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Pudsey the Guernsey Donkey

Sat 29th October 2011

Posted on November 13, 2011 at 5:10 PM

TRIP TO YORKSHIRE - DAY FOUR

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Duncan and I went off early to hit the Head at Flamborough. I was very surprised that, despite it being October, we had been birding a full hour before we saw any birders at all, and in the couple of hours that we were there, we only saw about 8 or 9 in total. It was great to walk around the place after so long and I was very impressed with the improved access. All those places that we used to say about, "it'd be good if we could walk along there", mostly seemed to be open. We did not see a great many birds of interest - one or two Great Spotted Woodpeckers may have been immigrants. Thrushes, Skylarks, Yellowhammers and Reed Buntings were common enough but there was nothing out of the ordinary. So we enjoyed a fine breakfast at the Head Cafe.

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The white cliffs of Flamborough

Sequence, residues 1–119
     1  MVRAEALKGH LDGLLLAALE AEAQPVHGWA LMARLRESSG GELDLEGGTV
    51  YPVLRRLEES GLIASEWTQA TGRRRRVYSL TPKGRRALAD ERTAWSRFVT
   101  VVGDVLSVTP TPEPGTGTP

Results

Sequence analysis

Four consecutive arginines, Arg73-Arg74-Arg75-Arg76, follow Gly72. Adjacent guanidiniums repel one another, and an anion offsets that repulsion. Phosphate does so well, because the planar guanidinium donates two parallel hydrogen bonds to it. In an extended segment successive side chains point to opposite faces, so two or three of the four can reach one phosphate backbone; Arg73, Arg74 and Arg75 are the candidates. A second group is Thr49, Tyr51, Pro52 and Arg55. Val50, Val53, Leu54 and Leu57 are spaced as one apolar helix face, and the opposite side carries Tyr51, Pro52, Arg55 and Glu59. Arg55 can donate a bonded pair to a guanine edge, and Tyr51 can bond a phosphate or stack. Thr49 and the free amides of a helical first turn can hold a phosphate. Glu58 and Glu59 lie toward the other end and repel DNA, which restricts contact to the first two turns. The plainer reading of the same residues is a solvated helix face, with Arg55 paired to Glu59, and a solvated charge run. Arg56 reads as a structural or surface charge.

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The Bay Brambles - a rare bird magnet of the highest order

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Yellowhammer - Flamborough Head, 29 Oct 11

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We headed over to Filey for another shot at the Olive-backed Pipit since it had been showing the previous day. We passed a massive flock of Golden Plover in the fields which was a new species for Duncan. But at Filey we soon heard that the pipit had not been seen at all today, and there seemed to be little else around which was new so we headed home.

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After lunch me and Abigail waved goodbye to our East Yorkshire family and drove back West. It was dark when we arrived in Leeds and Abigail persuaded us that she wanted a second attempt at a MacDonalds. After such fine dining, I watch MOTD and went to sleep. Early next morning we said our goodbyes and headed back to Manchester Airport after a very enjoyable few days, despite the lack of quality birds.

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Fri 28th October 2011